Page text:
"Do you want to be dramatic, sexy, or bold?" she asked as she commenced her reprogramming session.

"None of the above. I just want to keep my lips from falling off, looking like fish scales, or taking on the appearance of a cadaver."

Tiffany said the newer products would modernize my appearance, giving me healthier, more full-bodied lips with a shimmering, multidimensional illusion of depth.

My mind paused momentarily, like a jammed printer flashing an overload signal.

"Does Margaret still work here?" I asked.

"No, Margaret retired last month. I'm caring for her old clients," she said with a detectable emphasis on the word "old."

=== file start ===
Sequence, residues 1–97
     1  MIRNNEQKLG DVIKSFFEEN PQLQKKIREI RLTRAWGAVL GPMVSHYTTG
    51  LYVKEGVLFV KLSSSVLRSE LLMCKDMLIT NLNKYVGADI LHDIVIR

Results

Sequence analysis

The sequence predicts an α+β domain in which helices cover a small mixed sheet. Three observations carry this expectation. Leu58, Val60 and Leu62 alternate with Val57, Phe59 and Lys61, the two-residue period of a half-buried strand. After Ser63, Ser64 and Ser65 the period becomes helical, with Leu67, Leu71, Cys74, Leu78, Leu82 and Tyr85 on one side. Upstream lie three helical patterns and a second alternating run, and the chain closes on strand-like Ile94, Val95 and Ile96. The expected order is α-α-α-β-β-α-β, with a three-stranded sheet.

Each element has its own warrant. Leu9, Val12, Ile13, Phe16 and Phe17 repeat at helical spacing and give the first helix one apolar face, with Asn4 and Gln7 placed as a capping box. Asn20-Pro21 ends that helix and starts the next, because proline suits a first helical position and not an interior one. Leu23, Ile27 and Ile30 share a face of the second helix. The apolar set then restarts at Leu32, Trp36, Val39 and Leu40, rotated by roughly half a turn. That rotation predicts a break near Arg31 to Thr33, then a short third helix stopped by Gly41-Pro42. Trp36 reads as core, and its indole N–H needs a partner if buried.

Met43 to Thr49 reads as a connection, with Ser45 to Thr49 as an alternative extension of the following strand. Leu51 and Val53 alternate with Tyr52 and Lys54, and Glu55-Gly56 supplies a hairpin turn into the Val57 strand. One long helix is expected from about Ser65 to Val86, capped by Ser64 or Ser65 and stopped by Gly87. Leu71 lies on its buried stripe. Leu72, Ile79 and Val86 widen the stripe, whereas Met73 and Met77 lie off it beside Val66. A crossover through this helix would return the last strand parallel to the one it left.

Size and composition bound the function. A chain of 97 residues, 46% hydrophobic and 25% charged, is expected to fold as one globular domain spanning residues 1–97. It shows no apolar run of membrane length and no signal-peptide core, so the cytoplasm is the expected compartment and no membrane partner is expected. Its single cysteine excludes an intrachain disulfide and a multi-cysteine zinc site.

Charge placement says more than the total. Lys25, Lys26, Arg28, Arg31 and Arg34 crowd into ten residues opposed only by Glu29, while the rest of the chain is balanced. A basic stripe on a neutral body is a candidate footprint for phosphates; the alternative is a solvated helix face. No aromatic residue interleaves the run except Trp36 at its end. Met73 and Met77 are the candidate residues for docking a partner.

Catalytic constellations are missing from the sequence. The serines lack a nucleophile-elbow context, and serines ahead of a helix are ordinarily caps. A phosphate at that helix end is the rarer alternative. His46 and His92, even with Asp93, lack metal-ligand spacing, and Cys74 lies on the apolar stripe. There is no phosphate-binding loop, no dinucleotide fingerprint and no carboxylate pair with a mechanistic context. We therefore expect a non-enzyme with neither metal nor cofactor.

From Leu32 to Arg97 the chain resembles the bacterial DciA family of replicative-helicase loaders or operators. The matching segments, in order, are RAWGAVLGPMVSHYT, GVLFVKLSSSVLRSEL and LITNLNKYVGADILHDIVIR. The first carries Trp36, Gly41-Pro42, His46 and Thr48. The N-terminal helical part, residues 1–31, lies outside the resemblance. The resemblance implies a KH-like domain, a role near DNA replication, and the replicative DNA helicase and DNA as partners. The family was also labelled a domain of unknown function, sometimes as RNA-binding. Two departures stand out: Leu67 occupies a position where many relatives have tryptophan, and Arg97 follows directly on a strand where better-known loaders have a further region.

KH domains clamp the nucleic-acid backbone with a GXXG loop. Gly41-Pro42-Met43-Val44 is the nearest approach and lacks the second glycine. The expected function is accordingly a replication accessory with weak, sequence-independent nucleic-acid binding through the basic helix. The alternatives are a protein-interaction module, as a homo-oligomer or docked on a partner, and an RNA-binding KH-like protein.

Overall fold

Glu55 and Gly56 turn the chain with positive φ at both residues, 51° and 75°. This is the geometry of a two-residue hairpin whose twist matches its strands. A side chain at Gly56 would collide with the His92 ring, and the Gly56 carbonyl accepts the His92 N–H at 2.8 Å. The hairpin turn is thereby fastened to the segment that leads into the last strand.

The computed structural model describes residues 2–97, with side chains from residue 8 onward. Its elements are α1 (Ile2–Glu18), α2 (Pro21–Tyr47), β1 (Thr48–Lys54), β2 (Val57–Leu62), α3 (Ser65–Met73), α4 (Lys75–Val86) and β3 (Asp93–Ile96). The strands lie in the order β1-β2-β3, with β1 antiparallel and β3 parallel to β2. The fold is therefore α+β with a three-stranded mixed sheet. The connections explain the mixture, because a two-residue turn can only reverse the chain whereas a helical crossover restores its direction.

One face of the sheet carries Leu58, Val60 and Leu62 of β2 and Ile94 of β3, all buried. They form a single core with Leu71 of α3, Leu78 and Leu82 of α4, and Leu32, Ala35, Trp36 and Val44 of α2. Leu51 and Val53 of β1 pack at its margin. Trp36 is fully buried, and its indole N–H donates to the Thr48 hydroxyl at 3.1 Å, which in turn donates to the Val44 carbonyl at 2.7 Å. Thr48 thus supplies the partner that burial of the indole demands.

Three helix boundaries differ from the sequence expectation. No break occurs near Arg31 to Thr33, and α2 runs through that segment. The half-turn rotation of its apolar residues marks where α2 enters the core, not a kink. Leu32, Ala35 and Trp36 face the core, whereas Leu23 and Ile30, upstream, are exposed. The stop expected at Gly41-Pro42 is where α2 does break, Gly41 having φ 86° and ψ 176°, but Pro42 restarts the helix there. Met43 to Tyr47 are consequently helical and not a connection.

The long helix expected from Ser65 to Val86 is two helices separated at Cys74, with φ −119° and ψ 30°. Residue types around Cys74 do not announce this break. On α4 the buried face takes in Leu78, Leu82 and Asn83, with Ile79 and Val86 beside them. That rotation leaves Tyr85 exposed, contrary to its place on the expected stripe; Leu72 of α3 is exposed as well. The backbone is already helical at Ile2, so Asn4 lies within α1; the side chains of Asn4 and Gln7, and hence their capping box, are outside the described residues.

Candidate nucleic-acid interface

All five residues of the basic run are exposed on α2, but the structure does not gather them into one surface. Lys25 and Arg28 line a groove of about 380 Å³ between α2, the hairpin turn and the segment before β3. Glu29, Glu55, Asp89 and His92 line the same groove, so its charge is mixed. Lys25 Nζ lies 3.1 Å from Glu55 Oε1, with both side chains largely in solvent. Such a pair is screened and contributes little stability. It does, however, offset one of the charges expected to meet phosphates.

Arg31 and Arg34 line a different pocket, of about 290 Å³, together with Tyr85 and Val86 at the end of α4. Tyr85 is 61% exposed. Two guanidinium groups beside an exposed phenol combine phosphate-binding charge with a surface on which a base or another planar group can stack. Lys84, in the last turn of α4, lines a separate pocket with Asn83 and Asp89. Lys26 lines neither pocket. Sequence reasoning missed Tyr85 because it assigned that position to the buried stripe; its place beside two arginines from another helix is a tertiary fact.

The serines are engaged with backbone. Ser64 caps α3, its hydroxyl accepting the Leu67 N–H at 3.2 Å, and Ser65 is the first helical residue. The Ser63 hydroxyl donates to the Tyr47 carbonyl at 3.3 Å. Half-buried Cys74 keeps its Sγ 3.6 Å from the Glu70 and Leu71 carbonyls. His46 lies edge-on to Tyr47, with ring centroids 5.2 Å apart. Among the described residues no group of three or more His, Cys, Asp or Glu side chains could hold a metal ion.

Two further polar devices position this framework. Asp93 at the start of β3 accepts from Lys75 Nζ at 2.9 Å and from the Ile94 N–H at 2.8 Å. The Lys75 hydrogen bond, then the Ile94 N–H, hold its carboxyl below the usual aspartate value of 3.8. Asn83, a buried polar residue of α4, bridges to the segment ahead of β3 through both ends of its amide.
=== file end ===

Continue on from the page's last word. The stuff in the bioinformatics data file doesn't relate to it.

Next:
"Drats," I said to myself. "Margaret would have found my color from a stash of old favorites hidden away for discerning customers like myself and I'd be out of here lickety-split."

Desperate and running out of options, I begrudgingly submitted to my new lip care provider. I hate to buy cosmetics that require a training course, but I succumbed. I fell respectfully silent as Tiffany commenced her tutorial.

She selected various tubes from her array of samples and applied several colors to the back of my hand. Pointing to one of the smudges, she declared, "This product compliments your skin tone and has far more conditioning properties than what you're getting now." She said the new lip color would moisturize my lips, protect them from harmful UV rays, add natural collagens for a plumper look, and stay on, possibly, ten minutes longer than my old brand.